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Before making a major financial decision you
should consult a qualified professional.
Spousal RRSPs and RRIFs, and
Attribution Rules Regarding Withdrawals
Canadian tax laws allow you
to put funds into either your own RRSP or a spousal RRSP for your spouse or common-law
partner, from which they will eventually make withdrawals. If neither spouse will have a pension from their employment when
they retire, then both spouses should try to have the same amount in
RRSPs. If one spouse will have a pension, then the other spouse should
probably have a greater amount in RRSPs. There are many variables to be
considered when planning future retirement income, including significant
spousal age differences.
In order to equalize RRSPs,
the higher income spouse
can contribute to a spousal RRSP for their partner. When funds are
contributed to a spousal RRSP, the spouse making the contribution gets the
deduction from income when the contribution is made. When funds are
eventually withdrawn, the spouse who is the annuitant of the RRSP (or
subsequent RRIF) will be taxed, not the contributing spouse. However,
there are exceptions to this if the funds are withdrawn too soon after a
spousal contribution. See the information below regarding attribution
splitting can also help to equalize spousal incomes in retirement.
Tax Tip: Try to ensure both spouses will have
approximately the same annual income in retirement.
an online spousal contribution - be careful!
It is much too easy to do an online contribution with the
intention of making a spousal contribution, with result being that your spouse
has actually made the spousal contribution. Perhaps not all online
accounts are the same, but with TD Direct Investing accounts, one must be logged
in as the person who is the annuitant of the account, in order to make an
online contribution to that account. When the online transfer is made, one
is asked if this is or isn't a spousal contribution. When a spousal
account is set up, it will have the name of the annuitant on it, and statements
will say it is a spousal account.
Example: Gerry and Taylor - Taylor wants to contribute to a
spousal RRSP for Gerry. When it is opened, the spousal RRSP will have
Gerry's name on it, and it will be shown as a spousal RRSP. In all
likelihood, to do an online contribution, Taylor or Gerry would have to log into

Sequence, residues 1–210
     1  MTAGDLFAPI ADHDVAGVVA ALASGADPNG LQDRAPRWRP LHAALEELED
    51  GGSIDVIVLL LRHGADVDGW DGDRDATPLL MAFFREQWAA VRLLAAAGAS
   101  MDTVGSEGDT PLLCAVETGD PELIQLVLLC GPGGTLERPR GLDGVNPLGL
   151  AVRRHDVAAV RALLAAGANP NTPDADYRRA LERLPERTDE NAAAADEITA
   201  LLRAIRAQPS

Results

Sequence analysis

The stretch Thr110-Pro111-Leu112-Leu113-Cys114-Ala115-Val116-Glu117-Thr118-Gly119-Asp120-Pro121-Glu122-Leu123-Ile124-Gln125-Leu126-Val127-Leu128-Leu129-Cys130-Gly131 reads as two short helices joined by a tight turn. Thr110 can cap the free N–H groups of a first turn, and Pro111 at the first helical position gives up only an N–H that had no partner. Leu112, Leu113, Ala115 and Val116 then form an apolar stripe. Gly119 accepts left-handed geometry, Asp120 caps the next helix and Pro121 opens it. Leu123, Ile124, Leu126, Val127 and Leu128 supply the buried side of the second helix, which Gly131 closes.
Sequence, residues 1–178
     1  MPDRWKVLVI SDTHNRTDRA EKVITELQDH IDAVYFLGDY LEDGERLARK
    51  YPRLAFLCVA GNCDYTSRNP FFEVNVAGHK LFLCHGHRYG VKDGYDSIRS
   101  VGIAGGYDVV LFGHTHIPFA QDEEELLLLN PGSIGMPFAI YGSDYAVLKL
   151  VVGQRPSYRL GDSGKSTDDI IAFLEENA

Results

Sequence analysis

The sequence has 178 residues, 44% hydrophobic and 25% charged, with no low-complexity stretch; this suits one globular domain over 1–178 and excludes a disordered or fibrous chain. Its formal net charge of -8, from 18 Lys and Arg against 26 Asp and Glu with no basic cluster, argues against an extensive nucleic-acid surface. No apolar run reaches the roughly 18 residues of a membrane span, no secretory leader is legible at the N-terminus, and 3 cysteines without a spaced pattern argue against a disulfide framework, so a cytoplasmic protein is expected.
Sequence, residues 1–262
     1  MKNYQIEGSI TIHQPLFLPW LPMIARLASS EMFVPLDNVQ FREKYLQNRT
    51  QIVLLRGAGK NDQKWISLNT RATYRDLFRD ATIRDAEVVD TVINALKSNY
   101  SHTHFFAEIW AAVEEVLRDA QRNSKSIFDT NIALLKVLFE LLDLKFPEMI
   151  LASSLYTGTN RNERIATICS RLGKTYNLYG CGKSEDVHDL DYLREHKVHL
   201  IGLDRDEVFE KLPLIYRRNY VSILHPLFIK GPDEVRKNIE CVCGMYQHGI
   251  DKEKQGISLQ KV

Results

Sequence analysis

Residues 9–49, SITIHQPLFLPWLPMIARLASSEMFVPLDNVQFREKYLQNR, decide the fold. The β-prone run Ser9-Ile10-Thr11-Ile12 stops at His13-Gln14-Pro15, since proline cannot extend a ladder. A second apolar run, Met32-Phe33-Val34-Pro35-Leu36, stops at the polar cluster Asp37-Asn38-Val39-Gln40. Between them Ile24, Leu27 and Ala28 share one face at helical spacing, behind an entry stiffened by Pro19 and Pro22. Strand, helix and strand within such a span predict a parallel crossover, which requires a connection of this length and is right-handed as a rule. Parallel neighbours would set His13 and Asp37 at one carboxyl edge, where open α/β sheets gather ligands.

Gerry's brokerage account or bank account. Whether or not the contribution
is a spousal contribution will have to be indicated at the time of the transfer
to the RRSP. If you aren't 100% positive that you are doing the right
thing, don't do it online, because by the time you get the tax slip and find out
it's wrong, it will be to late to change.
Tax Tip: Be very careful
making online spousal RRSP contributions!!
Spousal RRSP and RRIF attribution rules
Income Tax Act s. 146(8.3)
funds are withdrawn within 3 years of a contribution to a spouse's
RRSP, all or part of the withdrawn amount
will be taxed as income to the spouse who made the contribution. The
Income Tax Act indicates that if an amount taken from the spousal RRSP would normally
be taxable income in the hands of the spouse who is the annuitant of the RRSP, the following will be included in
the taxable income of the contributing spouse - the lesser of:
the total of all
contributions to the spousal RRSP by the contributing spouse in the year,
or in one of the two immediately preceding taxation years, and
the amount withdrawn
When a spousal RRSP has been
converted to a RRIF, it becomes a spousal RRIF, and withdrawals are
made by the spouse (not the contributing spouse). There may be
attribution of income to the contributing spouse for any RRIF
withdrawals that are in excess of the minimum
annual withdrawal for the year, depending on the amount of spousal
contributions in the year or the two immediately preceding taxation years.
To avoid having to include your spouse's
RRSP withdrawals in your income, ensure that you have not contributed to the spousal
plan in the year or in either of the two preceding taxation years.
To avoid having to include your spouse's
RRIF withdrawals in your income, ensure that, if you have contributed to the spousal
plan in the year or in either of the two preceding taxation years, only the
minimum annual withdrawal amount is withdrawn.